Wednesday, July 1, 2009

North American Integration: Deep-Rooted Agenda Continues

By Dana Gabriel

North American integration is a deep-rooted agenda that continues on many different fronts. This has not changed under an Obama administration. Posted on the U.S. Department of State’s website calendar of events is the fifth annual North American Leaders Summit, which is set to take place August 9-10 in Mexico. Much of the foundation and framework for a North American superstate has already been achieved through NAFTA and the Security Prosperity Partnership (SPP). The latest leaders summit could be used as an opportunity to revive stalled SPP measures and launch a new strategy that would further build off past continental integration initiatives.

With the decline of the SPP, other groups have picked up the slack in an effort to further advance continental integration and protect any previous accomplishments. One of these such organizations is the Standing Commission on North American Prosperity which is an initiative of the U.S.-Mexico Chamber of Commerce. In May of this year, they held meetings in Atlanta, Georgia where Former Mexican President and staunch globalist, Vicente Fox called for a new era of North American collaboration. He stated, “If we are together, the U.S.‚ Mexico and Canada‚ no doubt we’ll be number one – the number one economy, the number one market, the number one consumer market – in the world.” He also said, “My dream is that we will not have a border.” Fox has been a strong advocate of deep continental integration using the European Union as the model.

NAFTA and the SPP would not have been possible without the tireless work of the Canadian Council of Chief Executives (CCCE). Former Liberal deputy prime minister, John Manley is set to replace the retiring Thomas d’Aquino as president of the CCCE. Stuart Trew of the Council of Canadians called it, “a match made in heaven for the Canadian and American business lobbies that could always count on Manley to endorse their priorities inside and outside of Parliament.” He also said, “Perhaps no politician has done more to further the CCCE’s case for a Fortress North America where business and investment can roam free while citizens in Canada and Mexico endure new U.S. security practices across the continent.“ The CCCE has called for the reinvention of North American borders and has pressured the Canadian government to further merge its military and security apparatus with their American counterparts. Since their inception, they have had intimate ties to both the Liberal and Conservative parties, with many of their proposals being implemented into policy. By his own admission, Manley’s role as head of the CCCE will be to further bridge the divide between business and government.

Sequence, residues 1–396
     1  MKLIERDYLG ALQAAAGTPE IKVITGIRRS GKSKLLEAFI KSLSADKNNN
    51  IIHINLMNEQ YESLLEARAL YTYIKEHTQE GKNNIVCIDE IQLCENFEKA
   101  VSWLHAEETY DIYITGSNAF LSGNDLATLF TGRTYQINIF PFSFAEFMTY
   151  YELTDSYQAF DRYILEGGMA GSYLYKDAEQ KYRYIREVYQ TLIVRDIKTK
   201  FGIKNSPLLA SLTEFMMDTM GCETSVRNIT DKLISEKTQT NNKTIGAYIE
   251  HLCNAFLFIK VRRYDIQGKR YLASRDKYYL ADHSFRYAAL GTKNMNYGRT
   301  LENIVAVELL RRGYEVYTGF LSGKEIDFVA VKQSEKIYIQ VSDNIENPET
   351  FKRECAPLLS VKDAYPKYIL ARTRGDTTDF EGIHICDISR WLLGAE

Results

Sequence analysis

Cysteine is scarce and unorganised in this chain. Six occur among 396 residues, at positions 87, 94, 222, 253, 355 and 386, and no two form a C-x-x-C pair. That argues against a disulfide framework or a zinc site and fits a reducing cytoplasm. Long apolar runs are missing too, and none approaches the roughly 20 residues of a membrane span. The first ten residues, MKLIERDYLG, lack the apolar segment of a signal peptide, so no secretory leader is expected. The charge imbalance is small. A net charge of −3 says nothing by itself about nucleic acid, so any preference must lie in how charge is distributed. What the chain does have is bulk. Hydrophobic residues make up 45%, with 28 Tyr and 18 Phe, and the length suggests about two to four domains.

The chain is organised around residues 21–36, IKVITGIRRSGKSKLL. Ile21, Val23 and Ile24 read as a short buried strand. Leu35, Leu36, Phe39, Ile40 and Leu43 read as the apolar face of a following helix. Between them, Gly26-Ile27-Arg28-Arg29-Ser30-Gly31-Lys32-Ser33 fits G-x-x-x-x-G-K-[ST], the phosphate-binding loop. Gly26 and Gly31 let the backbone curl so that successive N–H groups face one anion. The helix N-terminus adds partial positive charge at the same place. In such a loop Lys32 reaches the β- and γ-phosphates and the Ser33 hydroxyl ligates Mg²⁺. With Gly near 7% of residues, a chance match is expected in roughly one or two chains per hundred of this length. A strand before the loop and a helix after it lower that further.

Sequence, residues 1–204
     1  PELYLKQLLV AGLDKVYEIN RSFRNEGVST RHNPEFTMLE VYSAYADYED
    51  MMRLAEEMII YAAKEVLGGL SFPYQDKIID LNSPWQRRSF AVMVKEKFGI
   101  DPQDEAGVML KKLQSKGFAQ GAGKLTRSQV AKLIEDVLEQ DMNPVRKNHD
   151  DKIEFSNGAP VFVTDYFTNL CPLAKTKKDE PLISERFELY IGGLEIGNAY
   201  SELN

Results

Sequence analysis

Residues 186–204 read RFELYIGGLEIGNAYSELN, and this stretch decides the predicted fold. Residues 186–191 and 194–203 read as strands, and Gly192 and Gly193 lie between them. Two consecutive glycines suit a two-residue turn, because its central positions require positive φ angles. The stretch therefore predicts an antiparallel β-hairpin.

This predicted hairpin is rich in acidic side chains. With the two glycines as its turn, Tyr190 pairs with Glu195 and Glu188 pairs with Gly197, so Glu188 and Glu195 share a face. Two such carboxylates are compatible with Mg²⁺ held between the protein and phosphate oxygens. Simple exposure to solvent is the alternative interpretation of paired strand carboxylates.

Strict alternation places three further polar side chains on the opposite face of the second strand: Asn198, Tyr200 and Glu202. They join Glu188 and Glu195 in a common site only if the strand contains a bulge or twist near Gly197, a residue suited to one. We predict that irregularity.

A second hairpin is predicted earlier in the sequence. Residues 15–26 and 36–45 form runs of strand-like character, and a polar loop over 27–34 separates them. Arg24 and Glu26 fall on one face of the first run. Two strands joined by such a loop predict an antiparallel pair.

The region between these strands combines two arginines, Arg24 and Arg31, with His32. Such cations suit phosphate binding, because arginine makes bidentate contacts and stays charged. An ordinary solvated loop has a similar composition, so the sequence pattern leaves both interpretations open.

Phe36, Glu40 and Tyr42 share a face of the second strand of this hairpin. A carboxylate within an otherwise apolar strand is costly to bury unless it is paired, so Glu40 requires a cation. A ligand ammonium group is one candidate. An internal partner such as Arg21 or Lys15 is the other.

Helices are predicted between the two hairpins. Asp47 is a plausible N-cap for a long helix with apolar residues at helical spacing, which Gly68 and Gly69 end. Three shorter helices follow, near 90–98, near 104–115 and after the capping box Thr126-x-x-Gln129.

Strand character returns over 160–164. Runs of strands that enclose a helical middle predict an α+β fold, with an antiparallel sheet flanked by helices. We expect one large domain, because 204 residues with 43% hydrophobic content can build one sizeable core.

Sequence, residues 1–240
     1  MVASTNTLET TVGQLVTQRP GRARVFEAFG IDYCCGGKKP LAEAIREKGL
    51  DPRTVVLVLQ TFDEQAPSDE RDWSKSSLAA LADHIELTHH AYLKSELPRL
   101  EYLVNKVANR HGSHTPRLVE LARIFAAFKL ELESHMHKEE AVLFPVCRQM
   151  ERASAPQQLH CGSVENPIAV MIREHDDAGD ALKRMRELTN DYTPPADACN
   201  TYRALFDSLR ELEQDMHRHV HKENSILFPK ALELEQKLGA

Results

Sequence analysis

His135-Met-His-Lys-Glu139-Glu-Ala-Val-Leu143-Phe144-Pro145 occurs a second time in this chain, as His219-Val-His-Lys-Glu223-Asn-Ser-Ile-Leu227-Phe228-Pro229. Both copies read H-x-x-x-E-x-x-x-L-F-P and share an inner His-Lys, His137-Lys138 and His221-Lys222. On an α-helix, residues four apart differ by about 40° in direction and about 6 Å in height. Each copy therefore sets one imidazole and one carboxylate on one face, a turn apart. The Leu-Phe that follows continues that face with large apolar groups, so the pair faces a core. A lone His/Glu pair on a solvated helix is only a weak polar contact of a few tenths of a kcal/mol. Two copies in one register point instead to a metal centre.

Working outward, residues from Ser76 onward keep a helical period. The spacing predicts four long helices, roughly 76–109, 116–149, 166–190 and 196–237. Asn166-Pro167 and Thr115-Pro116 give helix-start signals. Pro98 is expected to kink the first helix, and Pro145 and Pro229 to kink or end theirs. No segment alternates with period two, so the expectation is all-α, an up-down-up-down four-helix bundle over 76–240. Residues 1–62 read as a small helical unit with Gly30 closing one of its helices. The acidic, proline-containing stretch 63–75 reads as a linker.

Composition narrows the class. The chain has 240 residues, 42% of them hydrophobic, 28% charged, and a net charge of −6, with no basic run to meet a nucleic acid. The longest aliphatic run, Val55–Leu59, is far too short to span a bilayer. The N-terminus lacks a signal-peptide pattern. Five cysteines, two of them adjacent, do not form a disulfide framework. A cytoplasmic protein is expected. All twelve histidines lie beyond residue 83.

In his book Open and Shut: Why America has Barack Obama and Canada has Stephen Harper, Toronto journalist John Ibbitson calls for a North American environmental, economic and security accord. He argues that the border between Canada and the US should be eliminated. Vancouver Sun columnist, Barbara Yaffe comments on the book’s scenario of erasing the Canada-U.S. border. “The two nations would retain their distinct sovereignty but there would be no more passports or work visas. The continent would see a free flow of goods, services and people; common rules for immigration and refugees; joint inspection of shipping containers from abroad; an integrated terrorist watch list; a system of security enforcement around the perimeter of the continent.” Clearly, some of these measures would constitute a loss of sovereignty. This also ties into my recent article U.S.-Canada Border Security and Military Integration. It may seem inconceivable, but if the globalists get their way in the not-so-distant future, the northern border could be gone.

The North American Supercorridor Coalition (NASCO) recently held their 2009 Conference in Quebec. NASCO is made up of politicians and business leaders who promote trinational trade and transportation. The meetings in Quebec were attended by three Canadian premiers, four Mexican governors, as well as Iowa’s Governor, Chet Culver and Vermont’s Governor, James Douglas. Some have linked NASCO to a NAFTA Superhighway. In January of this year, the Texas Department of Transportation proclaimed that the Trans-Texas Corridor (TTC) was dead. The TTC has been referred to by many as the first leg of a NAFTA Superhighway and would extend from the Texas-Mexico border to the Oklahoma state line. The perceived demise of the TTC was more of a public relations stunt designed to try and silence critics and appease Texas lawmakers. The project will be broken up into smaller sections, making it more difficult to stop in the future.

It is through trade deals such as NAFTA and initiatives like the SPP that corporations have further strengthened their power and grip over our lives. Although trade with other nations is vital, the current NAFTA model is badly flawed and unfair. Further North American integration, deregulation and privatization will be devastating for many. This corporate agenda threatens our freedom, sovereignty, as well as our standard of living. Some have labeled plans for a North American Union as a conspiracy theory, but the fact remains that the deep-rooted agenda of continental integration continues.

Dana Gabriel is an activist and independent researcher. He writes about trade, globalization, sovereignty, as well as other issues.